With the help of modern evolutionary psychology, Wright explains that the mind is increasingly seen as having a modular design. Different modules were created by evolution to size up different situations and take action towards these situations. Much of this action goes on without you (the CEO) even knowing that action is being undertaken. Think about things such as fear, lust, love and many other feelings: are you calling the shots? From a very different angle than Kahneman’s, namely the angle from Buddhist mindfulness and meditation, Wright ends up at the same conclusion:

(..) our ordinary point of view, the one we’re naturally endowed with, is seriously misleading.

Wright goes on to explain why meditation can help us understand ourselves better:

Mindfulness meditation involves increased attentiveness to the things that cause our behavior  ̶  attentiveness to how perceptions influence our internal states and how certain internal states lead to other internal states and to behaviors.

This is an extraordinary book that takes mindfulness meditation out of the esoteric realm. It puts it straight into evolutionary psychology and hands us a tool to help us understand, and improve, our own decision-making.

Mindfulness for Creativity. Danny Penman. Now that I introduced mindfulness meditation above, there needed to be a book on the actual practice of meditation on this year’s list. Mindfulness meditation is still ‘weird’ enough that you have to explain to the world that you are not a tree-hugger, an anarchist or, well, a useless creature in general. Bill Gates, far from being a useless creature, put a book on meditation on his 5 best books of this year. However, even he still felt the needed to explain what the benefits of meditation for creativity are, and that it’s nothing to freak out over:

Back when I was avoiding music and TV in the hope of maintaining my focus, I knew that lots of other people were using meditation to achieve similar ends. But I wasn’t interested. I thought of meditation as a woo-woo thing tied somehow to reincarnation, and I didn’t buy into it. Lately, though, I’ve gained a much better understanding of meditation. I’m certainly not an expert, but I now meditate two or three times a week, for about 10 minutes each time. I now see that meditation is simply exercise for the mind, similar to the way we exercise our muscles when we play sports. For me, it has nothing to do with faith or mysticism. It’s about taking a few minutes out of my day, learning how to pay attention to the thoughts in my head, and gaining a little bit of distance from them.

Well, if it’s something that Bill Gates and Steve Jobs buy into (founders of two of the most valuable companies in the world), I think we should at least give it a try.

If you need more book recommendations, check out the summer reading lists of 2016, 2017 and 2018, and the holiday reading lists of 2016 and 2017.

Happy holidays, and happy reading!

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6 Tips to Foster Practical Wisdom in Decision Making

Aristotle might be best known for ‘inventing’ science (see my discussion of The Lagoon – how Aristotle invented science) and being a rather rational kind of chap. Although this is certainly true, and you can learn a lot from reading his treatises (his extant works read more like lecture notes than books) such as On the Soul, Physics, and Metaphysics, I stumbled upon the interesting Aristotelian term phronesis that translates as ‘practical wisdom’.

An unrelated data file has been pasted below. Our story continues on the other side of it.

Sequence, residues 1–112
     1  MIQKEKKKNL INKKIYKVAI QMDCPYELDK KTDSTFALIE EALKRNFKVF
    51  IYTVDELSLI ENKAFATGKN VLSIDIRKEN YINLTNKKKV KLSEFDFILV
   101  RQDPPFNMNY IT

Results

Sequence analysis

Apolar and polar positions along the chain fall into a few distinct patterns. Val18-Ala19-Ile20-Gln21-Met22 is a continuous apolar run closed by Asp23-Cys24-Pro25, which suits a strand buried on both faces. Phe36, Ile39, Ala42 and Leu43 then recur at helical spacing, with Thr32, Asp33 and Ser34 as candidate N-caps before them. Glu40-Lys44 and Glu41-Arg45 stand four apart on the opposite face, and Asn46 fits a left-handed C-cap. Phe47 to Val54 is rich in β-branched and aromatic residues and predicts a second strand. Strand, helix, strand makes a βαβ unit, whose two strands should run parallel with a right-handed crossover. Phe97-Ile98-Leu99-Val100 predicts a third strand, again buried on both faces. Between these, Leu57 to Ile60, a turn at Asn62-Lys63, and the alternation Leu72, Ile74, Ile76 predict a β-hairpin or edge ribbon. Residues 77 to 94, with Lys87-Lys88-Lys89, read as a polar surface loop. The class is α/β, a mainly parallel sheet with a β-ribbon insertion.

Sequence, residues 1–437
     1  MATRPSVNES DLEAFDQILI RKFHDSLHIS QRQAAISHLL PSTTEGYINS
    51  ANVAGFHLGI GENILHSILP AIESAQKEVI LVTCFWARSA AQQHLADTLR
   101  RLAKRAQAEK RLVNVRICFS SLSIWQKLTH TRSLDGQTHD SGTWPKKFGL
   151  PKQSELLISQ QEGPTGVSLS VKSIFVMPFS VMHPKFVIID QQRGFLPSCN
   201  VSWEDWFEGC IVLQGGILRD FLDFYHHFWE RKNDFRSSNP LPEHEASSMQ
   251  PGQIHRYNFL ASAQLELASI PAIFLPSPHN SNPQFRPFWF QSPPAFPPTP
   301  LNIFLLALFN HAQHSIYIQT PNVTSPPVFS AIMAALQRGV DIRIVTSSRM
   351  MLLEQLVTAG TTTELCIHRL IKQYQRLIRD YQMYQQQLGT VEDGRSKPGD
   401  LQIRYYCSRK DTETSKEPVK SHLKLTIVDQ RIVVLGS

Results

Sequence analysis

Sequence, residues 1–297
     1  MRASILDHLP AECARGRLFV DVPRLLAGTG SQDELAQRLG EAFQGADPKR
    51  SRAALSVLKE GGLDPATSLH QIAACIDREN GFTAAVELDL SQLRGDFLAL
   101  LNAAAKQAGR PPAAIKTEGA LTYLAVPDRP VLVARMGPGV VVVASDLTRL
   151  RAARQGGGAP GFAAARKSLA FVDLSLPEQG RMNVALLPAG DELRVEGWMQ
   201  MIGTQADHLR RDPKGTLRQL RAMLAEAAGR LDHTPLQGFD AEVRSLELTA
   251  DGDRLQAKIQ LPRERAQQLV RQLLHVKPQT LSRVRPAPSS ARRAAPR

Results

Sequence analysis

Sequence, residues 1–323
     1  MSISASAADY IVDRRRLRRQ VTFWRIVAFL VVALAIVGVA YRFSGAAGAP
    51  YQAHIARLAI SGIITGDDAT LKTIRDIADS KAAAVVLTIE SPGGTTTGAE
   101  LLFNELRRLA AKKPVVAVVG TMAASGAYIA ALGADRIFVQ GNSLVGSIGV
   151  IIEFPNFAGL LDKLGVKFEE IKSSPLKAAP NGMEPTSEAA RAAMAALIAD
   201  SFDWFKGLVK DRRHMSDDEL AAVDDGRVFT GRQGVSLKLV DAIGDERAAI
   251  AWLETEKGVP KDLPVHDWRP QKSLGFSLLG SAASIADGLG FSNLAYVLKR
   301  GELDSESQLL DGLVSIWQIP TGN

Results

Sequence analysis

In The Nichomachean Ethics, Aristotle explains that practical wisdom (phronesis) is something else than scientific knowledge (epistēmē). In the sense that practical wisdom is rooted in action and can essentially create different realities (or outcomes) by taking action; scientific knowledge, instead, describes how reality is:

(..) since scientific knowledge involves demonstration, but there is no demonstration of things whose first principles are variable [such as decision making in reality], and since it is impossible to deliberate about things that are of necessity, practical wisdom can not be scientific knowledge nor art [technē, a technique, in the sense of making things]; not science because that which can be done is capable of being otherwise, not art because action and making are different kinds of things. The remaining alternative, then, is that it is a true and reasoned state of capacity to act (…).

This passage is pregnant with implications for managerial decision making. Although you should make use of scientific insights if they are available, and you should take into account knowledge on how to build real-life things (i.e. cars, bridges, consumer products, etc.), managerial decision making often has other, less tangible characteristics. For example, think about creating a strategy, an organizational structure or a company culture. Some characteristics of this kind of decision making that spring to mind are:

  • Uncertainty. You probably do not have all the knowledge and all the details. Outcomes cannot be predicted with certainty and are, thus, contingent.
  • Context-dependent. You are not taking a decision in isolation: How will my competitors act? What will my employees think and do? How will my stakeholders react?
  • Non-demonstrable outcomes. There are no scientific rules. There is not even an exact copy of the problem at hand.
  • Action-oriented. Your decision entails an actual follow-up in the real world; in a way, you will alter reality with your actions.
  • Multiple outcomes possible. Your actions will alter reality. But, the outcome is not fixed as it would be if there was scientific certainty. You change the outcome by taking different actions: you can create endless variations in strategies, organizational structures or cultures, for example.

Professors Ikujiro Nonaka and Hirotaka Takeuchi, in their Harvard Business Review article, call for ‘wise leaders’ to make decisions in such a context: